Philosophy in the sixteenth through eighteenth centuries has traditionally been characterized as being primarily concerned with epistemological issues. This book is not intended to overturn this characterization but rather to balance it through an examination of equally important metaphysical, or ontological, positions held, explicitly or implicitly, by philosophers in this period.
Major philosophers whose views are discussed in this book include Descartes, Malebranche, Spinoza, Locke, Berkeley, Hume, Leibniz, Wolff, and Kant. In addition, the contributors of minor Cartesians, especially Regis and Desgabets, are analyzed in a separate chapter. Although the views of early modern philosophers on individuation and identity have been discussed before, these discussions have usually been treated as asides in a larger context. This book is the first to concentrate on the problems of individuation and identity in early modern philosophy and to trace their philosophical development through the period in a coherent way.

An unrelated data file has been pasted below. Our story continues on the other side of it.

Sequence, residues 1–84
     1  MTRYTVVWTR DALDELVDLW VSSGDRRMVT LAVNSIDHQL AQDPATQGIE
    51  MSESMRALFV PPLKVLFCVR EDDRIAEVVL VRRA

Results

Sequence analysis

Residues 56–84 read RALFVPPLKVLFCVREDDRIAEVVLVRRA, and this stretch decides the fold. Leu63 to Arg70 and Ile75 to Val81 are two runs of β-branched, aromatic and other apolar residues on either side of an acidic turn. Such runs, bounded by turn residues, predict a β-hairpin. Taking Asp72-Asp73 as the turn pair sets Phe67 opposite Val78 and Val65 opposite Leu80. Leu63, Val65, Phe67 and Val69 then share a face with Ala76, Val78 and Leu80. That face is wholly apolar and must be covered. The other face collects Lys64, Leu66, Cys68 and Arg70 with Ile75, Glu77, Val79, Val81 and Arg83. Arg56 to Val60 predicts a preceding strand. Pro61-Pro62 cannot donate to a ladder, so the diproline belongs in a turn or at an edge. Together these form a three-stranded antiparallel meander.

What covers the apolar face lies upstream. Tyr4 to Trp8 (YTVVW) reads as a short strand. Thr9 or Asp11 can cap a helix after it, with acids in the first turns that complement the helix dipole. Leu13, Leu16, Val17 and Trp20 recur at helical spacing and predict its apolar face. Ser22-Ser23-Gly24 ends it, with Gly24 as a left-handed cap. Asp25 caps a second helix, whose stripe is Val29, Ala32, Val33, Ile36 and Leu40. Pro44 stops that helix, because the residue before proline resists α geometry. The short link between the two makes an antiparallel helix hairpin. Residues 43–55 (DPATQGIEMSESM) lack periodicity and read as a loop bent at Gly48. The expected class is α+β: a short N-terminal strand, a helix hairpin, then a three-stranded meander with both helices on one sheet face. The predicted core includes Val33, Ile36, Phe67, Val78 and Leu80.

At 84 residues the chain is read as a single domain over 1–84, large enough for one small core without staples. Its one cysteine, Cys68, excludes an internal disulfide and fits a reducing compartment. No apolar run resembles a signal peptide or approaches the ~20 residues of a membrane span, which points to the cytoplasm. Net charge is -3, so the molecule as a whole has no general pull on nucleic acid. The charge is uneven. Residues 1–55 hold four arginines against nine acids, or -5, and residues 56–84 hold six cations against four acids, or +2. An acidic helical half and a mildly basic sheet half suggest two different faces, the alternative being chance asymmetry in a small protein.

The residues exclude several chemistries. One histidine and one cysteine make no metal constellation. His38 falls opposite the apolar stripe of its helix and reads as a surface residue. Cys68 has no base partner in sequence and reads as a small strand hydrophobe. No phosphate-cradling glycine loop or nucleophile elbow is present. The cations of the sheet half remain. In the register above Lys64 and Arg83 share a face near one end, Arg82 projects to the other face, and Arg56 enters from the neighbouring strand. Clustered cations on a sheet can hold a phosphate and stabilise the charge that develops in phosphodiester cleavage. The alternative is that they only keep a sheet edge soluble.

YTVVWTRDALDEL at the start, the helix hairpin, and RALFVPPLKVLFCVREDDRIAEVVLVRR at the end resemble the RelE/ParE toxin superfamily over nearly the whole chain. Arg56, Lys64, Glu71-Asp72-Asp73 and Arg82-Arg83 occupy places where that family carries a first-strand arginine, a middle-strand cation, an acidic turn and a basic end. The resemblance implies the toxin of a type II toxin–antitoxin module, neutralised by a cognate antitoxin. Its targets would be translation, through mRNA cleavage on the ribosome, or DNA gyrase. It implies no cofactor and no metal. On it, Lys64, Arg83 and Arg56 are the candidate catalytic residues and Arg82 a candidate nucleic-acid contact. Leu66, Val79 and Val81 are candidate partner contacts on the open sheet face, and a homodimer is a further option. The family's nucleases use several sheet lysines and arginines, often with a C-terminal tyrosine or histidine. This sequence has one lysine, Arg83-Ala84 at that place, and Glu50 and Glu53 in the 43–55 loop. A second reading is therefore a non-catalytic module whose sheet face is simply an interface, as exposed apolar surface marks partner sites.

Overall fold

Jorge J. E. Gracia is Professor of Philosophy, State University of New York at Buffalo. He is the author of Individuality: An Essay on the Foundations of Metaphysics and Philosophy and Its History: Issues in Philosophical Historiography; editor of Individuation in Scholasticism: The Later Middle Ages and the Counter-Reformation, 1150-1650; and co-editor of Philosophy and Literature in Latin America: A Critical Assessment of the Current Situation, all published by SUNY Press.
Kenneth F. Barber is Associate Professor, State University of New York at Buffalo.